Pros and Cons and Types of Third-Person
Hey guys, I’m back to talking about point of view, which was requested by an anonymous follower. Again, there are people who have talked about this better than I can cover in a blog post. The two books I like are Characters, Emotion, and Viewpoint by Nancy Kress and Characters and Viewpoint by Orson Scott Card. Like I mentioned in a post a few weeks ago, there are three points of view:
First-person: I thought I was going crazy.
Second-person: You thought you were going crazy.
Third-person: She thought she was going crazy.
But I forgot to mention (and another follower brought to my attention) that there are plural versions too.
First-person plural: We thought we were going crazy.
Third-person plural: They thought they were going crazy.
The plural versions are used even less than second-person, but, they have been done. I know there are some science fiction stories that are written like this because the story is about a hive mind. What about plural second-person? I guess that could be done too.
I did a post outlining the common pros and cons of writing a story in first-person that you can read here. In it, I gave some suggestions on how to get around the cons, and then deflated some of the others. But today’s post is all about writing in third-person!
She thought she was going crazy.
In third-person, the narrator is someone watching and experiencing the story, but not participating in it. It’s like the narrator is looking over the character’s shoulder.
- Switch between multiple viewpoints easily, which lets you develop more characters from the inside.
- It’s also easier to describe viewpoint characters from the outside.
- You can bring the prose deep into your viewpoint character’s thought process or pull it far away.
- Since the character isn’t telling the story in his own words, the narrator can describe the world in words and ways the character wouldn’t. The style can be more beautiful than the character’s vernacular.
- Can cover scenes that the protagonist isn’t present for. You’re not limited to your protagonists’ worldviews.
- The narrator can tell the reader things the character doesn’t know.
- Third-person feels more distant. It’s not as personal. Readers don’t get to put on the character’s body and mind (they can get close, but not quite), so they won’t get as personal with the character.
- Tends to have a less distinctive language patterns.
- It can be harder to switch between memory, flashbacks, and opinions, and the switches are more likely to feel choppy.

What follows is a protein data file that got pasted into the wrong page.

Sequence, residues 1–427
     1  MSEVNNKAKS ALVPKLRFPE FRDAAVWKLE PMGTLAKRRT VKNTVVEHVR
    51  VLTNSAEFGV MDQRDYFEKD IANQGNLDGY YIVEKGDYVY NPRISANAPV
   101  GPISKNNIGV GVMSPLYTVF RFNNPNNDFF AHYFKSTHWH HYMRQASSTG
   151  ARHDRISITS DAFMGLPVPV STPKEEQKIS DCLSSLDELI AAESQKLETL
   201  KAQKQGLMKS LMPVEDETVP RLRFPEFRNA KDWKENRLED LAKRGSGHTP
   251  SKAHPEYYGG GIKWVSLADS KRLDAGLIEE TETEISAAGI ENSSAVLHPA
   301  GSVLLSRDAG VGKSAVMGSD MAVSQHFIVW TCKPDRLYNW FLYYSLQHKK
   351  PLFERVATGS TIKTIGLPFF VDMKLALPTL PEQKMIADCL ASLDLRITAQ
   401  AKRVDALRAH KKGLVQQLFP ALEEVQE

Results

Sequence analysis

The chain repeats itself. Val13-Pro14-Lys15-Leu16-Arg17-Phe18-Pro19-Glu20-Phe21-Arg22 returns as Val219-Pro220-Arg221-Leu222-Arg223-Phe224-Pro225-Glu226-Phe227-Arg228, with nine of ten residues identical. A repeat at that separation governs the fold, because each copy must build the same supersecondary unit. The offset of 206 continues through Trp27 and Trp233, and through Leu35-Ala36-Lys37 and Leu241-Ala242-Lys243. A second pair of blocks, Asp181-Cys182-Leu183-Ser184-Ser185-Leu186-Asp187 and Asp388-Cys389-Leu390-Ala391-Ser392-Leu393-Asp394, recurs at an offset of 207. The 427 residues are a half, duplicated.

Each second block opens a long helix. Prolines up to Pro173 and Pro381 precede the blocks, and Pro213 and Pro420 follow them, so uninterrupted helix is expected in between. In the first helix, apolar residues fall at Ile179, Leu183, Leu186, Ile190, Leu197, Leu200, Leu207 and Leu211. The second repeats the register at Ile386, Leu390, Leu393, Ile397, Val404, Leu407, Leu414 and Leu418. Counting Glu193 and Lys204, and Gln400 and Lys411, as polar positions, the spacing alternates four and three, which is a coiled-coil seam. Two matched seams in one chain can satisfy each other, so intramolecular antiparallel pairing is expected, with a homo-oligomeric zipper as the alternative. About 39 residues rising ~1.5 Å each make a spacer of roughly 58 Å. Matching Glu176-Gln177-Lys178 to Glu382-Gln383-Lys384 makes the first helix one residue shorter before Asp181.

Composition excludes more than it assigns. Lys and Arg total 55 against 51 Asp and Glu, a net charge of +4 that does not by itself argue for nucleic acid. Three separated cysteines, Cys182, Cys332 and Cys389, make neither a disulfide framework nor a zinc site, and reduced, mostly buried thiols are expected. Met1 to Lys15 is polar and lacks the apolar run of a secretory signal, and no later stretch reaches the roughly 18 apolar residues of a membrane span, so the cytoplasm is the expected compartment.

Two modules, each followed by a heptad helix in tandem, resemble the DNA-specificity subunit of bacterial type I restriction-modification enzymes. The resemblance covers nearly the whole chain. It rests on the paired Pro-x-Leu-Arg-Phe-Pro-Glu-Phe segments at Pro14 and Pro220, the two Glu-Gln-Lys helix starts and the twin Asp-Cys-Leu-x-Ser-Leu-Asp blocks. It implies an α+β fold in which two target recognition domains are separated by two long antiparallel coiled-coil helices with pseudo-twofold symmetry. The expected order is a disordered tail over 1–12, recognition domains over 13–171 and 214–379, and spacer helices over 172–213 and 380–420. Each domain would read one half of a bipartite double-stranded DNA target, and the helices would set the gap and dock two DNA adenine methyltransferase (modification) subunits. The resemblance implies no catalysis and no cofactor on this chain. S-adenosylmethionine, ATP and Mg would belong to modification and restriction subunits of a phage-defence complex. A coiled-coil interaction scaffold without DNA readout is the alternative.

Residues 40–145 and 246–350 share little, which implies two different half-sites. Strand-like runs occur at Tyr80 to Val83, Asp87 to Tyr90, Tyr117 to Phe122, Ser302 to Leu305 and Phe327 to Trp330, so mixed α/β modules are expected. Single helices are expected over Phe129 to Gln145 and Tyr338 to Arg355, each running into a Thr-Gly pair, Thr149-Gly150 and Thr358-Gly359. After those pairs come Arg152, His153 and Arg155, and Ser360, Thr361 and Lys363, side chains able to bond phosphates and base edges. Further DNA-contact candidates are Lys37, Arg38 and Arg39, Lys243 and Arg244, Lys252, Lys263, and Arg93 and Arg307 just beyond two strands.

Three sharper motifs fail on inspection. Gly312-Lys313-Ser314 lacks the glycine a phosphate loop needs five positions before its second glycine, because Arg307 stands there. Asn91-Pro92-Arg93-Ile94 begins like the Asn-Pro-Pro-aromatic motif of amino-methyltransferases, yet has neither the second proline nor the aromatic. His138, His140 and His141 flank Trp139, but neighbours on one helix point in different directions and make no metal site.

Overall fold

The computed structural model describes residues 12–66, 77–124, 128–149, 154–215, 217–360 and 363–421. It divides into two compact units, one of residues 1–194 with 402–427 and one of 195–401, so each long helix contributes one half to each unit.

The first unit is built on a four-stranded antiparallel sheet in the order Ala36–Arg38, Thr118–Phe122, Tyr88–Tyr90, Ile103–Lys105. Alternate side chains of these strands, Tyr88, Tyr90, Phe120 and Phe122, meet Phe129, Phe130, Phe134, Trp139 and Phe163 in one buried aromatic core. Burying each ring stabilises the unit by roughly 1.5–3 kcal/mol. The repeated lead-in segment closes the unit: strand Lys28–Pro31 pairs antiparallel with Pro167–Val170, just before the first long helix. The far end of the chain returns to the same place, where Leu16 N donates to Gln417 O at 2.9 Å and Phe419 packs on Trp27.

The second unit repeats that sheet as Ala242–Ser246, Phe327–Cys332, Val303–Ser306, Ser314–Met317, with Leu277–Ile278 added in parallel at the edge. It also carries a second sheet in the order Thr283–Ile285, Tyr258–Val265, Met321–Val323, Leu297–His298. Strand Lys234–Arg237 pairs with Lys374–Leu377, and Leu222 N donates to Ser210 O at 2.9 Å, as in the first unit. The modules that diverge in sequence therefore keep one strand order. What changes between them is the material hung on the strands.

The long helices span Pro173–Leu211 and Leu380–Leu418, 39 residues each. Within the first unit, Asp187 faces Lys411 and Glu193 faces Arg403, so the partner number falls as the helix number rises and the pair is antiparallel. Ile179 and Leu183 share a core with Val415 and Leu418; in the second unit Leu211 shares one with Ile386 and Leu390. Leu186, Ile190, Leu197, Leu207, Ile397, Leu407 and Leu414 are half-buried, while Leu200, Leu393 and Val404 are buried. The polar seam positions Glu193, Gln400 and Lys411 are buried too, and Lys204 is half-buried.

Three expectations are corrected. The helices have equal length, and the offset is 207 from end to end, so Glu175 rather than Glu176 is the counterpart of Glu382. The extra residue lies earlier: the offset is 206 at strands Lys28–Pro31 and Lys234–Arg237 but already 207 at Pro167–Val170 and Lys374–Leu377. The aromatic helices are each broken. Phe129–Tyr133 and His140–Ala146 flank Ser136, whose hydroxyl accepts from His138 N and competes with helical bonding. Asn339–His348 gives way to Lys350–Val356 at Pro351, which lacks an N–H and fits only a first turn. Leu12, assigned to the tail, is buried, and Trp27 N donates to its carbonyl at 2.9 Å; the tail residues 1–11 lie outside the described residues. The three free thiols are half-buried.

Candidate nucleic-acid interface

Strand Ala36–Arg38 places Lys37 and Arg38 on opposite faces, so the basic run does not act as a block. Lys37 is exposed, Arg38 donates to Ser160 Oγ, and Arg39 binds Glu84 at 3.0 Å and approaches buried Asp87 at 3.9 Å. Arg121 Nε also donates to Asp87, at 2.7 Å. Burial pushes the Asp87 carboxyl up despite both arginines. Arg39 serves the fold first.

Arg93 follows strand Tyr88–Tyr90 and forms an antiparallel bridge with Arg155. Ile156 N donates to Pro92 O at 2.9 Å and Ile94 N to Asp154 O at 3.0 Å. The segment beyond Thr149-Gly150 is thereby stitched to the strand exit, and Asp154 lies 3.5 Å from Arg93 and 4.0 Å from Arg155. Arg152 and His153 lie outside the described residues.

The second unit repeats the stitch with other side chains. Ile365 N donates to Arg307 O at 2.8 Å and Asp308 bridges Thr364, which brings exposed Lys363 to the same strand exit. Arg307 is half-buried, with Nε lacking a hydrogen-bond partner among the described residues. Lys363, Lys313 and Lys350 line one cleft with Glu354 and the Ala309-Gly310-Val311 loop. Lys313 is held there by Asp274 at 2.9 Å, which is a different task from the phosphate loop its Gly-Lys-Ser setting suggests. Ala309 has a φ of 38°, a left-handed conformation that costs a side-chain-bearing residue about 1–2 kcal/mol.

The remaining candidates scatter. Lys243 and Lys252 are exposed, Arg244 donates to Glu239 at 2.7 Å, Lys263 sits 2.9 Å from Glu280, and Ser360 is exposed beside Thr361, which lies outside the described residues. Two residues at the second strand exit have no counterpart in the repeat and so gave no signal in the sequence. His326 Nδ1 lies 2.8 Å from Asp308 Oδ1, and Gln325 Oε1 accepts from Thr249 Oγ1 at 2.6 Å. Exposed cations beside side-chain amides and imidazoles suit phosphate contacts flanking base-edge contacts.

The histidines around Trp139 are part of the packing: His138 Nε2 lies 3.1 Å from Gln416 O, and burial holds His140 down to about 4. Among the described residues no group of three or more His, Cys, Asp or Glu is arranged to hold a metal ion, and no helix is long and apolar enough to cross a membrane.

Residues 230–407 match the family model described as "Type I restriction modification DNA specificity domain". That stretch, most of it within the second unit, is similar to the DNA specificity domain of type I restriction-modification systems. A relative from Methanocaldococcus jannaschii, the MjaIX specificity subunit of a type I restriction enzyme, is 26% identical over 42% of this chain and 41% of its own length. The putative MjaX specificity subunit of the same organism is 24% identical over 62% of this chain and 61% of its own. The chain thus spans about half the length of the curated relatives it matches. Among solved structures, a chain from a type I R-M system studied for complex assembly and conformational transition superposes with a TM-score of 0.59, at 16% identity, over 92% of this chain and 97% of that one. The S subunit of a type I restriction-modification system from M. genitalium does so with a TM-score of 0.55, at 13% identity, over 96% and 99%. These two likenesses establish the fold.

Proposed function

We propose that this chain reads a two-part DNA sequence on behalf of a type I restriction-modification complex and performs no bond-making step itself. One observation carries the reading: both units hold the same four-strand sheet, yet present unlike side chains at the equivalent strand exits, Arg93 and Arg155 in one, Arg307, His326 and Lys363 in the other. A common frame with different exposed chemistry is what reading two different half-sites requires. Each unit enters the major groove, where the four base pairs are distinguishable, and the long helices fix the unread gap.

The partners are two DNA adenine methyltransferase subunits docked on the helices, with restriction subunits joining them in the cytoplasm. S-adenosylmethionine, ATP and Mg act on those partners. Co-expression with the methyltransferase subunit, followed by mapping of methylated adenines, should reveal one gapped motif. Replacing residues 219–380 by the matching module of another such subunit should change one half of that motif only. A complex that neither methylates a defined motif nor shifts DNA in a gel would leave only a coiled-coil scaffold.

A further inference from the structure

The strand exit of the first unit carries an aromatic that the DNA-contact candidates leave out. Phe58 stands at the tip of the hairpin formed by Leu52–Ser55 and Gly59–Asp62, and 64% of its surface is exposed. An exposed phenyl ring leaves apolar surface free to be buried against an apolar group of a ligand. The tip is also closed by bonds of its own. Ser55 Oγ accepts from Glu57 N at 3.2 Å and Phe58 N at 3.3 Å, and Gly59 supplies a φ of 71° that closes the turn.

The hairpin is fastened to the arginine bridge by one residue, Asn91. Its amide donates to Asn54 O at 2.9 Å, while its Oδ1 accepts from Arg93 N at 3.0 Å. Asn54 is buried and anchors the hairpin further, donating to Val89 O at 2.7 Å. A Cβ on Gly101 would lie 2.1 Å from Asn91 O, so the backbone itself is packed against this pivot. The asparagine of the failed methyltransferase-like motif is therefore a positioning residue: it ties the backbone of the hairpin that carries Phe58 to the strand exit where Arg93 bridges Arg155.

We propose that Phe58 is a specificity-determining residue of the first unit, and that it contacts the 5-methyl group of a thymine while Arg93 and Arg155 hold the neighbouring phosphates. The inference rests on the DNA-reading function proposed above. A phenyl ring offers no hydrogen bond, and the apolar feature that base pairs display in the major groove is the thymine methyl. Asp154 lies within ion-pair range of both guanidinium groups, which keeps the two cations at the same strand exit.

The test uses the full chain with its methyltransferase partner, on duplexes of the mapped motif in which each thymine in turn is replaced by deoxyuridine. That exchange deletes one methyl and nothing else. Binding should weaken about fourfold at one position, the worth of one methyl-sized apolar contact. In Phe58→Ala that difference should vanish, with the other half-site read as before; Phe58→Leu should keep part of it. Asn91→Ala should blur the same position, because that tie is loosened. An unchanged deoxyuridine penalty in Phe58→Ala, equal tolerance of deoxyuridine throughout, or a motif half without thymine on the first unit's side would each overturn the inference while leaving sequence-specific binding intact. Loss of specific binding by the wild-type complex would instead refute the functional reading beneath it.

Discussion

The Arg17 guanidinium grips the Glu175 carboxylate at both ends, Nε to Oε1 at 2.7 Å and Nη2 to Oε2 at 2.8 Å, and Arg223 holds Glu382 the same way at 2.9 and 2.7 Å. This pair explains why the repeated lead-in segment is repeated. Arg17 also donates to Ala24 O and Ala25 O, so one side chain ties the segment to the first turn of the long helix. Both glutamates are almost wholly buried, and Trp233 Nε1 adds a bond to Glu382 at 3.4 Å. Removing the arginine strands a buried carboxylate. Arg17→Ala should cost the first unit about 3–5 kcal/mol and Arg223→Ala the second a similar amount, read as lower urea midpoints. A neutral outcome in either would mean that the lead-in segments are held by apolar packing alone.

(Some of these taken points are from Characters, Emotion, and Viewpoint.)
- Since the writer isn’t technically bound by the character’s view, she might think she can zoom in and zoom out of a character’s thoughts, delve this info out and hold this info back, write this description this way and another description that way whenever and however she wants. In a way, that’s true–but only for the writers who know what they are doing and are doing it with a purpose. Like all writing, third-person takes control. You don’t just write it one way because that’s how it came out. That’s sloppy. You should have a reason for zooming into your character’s thoughts and a reason for distancing yourself from them. You should have a reason for writing one description with a sarcastic tone and another description with a depressed one.
If you read my first-person post, you might be looking at the pros and cons of both points of view and be thinking that obviously third-person is the best choice. Third-person is definitely the most flexible, but the truth is, it’s not the best choice for every story. Some stories are best told right from the character, in his voice, in first-person. People love the closeness. If your story is meant to be very personal and emotionally powerful, first-person is a great way to go. If your character’s view on life is particularly intriguing, entertaining, or insightful, first-person might be the way to go.
But, like I said, third-person is very flexible, and you can often get nearly the same effect as first-person. Just like I talked about how you can get around first-person cons, you can get around these third-person cons by simply getting deeper into your viewpoint character.
Third-person is so flexible, that you really need to break it down further…